There is mounting evidence that the American university is in decline, probably not a temporary phenomenon related to the covid-19 pandemic. Start with enrollments: in the year I was born, 1940, only about 11 of every 1,000 Americans attended college. That figure grew explosively in the middle and some of the late 20th century, to over 20 by 1960, 40 by 1970, and 50 by 1980. This was American higher education’s Golden Age. There was then a growth pause, but another surge in the first decade of the 21st century, reaching about 65 college students per 1,000 Americans by 2010. But a decline then began: while this fall’s enrollments are extremely hard to predict, a moderately optimistic guess, assuming under 10% decline from last fall, would be about 50 of every 1,000 Americans will be in college—what it was in 1980 and a 23% decline in a decade.

Other indicators support this. In say 1970 or even 2000, it was clear American universities dominated the world in cutting edge research; by 2020, our lead is being eroded by rapid growth of excellence, especially in the STEM disciplines, in China and some European and Asian locales. American university expenditures as a shar of GDP are falling somewhat as well.

Why the decline? Let me suggest seven reasons. First, for decades economists have recognized that college is primarily a screening device for separating the bright and diligent from those who are less productive. With declining academic standards (students studying fewer hours for higher grades), the diploma is a less reliable indicator of potential worker quality—hence the sharp decline in enrollment at lower quality schools even as the higher standard elite schools flourish. The pecuniary benefits of college have stagnated, maybe even declined.

Second, college costs have risen not only in real terms, but also relative to income growth: the financial burden of going to college has grown until recently—costs have been rising relative to benefits.

Third, people are discovering cheaper, less risky ways of certifying vocational competency, things like coding academies that in a year or two prepare students with needed skills for high paying jobs. A year spent learning to be a welder likely will have a greater payoff than four or five years spent earning a bachelor’s degree in gender studies from the College of Last Resort.

Fourth, sadly America is transitioning from being a high growth, risk-taking entrepreneurial society to being an aging low growth debt-ridden welfare state. Thus support for basic research is politically less sexy than a generation or two ago. Meanwhile, such research support is increasing rapidly in growing nations elsewhere.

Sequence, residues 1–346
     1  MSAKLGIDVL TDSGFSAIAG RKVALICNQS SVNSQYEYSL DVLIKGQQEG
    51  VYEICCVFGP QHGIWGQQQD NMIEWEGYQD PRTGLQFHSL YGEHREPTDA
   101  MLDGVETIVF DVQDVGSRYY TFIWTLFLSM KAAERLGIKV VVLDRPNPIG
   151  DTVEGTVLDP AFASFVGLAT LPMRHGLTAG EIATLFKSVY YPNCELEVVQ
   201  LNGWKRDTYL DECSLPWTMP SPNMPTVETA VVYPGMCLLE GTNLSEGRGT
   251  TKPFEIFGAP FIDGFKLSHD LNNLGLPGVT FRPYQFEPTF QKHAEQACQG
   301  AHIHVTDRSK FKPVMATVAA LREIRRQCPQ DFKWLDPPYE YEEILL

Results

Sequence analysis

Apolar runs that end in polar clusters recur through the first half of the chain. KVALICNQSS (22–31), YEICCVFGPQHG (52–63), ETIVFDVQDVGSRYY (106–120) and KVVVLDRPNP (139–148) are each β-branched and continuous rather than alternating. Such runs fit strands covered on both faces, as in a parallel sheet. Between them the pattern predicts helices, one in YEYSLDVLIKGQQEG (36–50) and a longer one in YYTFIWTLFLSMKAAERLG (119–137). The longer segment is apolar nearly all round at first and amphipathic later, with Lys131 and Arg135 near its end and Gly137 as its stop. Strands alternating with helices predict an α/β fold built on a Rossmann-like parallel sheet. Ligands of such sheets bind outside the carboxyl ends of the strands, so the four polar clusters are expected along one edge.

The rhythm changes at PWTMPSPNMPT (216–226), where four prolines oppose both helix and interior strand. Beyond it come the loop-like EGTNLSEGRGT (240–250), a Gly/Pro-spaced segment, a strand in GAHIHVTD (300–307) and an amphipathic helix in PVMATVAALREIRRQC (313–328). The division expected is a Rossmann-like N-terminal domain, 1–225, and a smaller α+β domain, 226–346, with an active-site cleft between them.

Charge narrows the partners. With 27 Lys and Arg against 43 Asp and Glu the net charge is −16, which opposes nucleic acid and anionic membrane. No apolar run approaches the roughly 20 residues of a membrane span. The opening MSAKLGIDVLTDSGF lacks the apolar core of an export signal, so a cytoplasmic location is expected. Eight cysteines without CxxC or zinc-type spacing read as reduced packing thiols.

Fifth, Americans apparently dislike having young people around, and colleges are primarily for persons under 25. Birth rates are at a record low; demographic projections show little or no growth in Americans in the key 18-22 age group any time soon. Additionally, we are increasingly hostile towards immigrants, who tend on average to be younger, often with small children.

Sixth, the boom in international enrollments for American universities is temporarily ended by pandemic concerns, but may suffer longer term by the increasing prestige of cheaper foreign universities, lowering international U.S. enrollments and even leading to more out-migration of Americans to good English speaking foreign universities.

Seventh, American universities have lost some popular political support, in part because of excessive campus intolerance of views deviating from the dominant left-wing campus progressive perspective that large portions of the potential college-going American population find uncomfortable, almost un-American. Campus protests, the Cancel Culture, and other suppression of intellectual diversity and heated but civilized debate put off many Americans, as a good deal of polling by Pew and Gallup has indicated.

American universities have become too arrogant, bloated with expensive non-academic apparatchiks, and too far out of the mainstream of American life. They have been doing less for more, and America is getting sick and tired of it. The ongoing market correction that will kill off some schools and scare most others could, in time, be a salutary lesson for university leaders, leading to a return to the basics of non-nonsense teaching of virtue, knowledge, and beauty, and encouraging innovation and enterprise. For America’s sake, let’s hope so.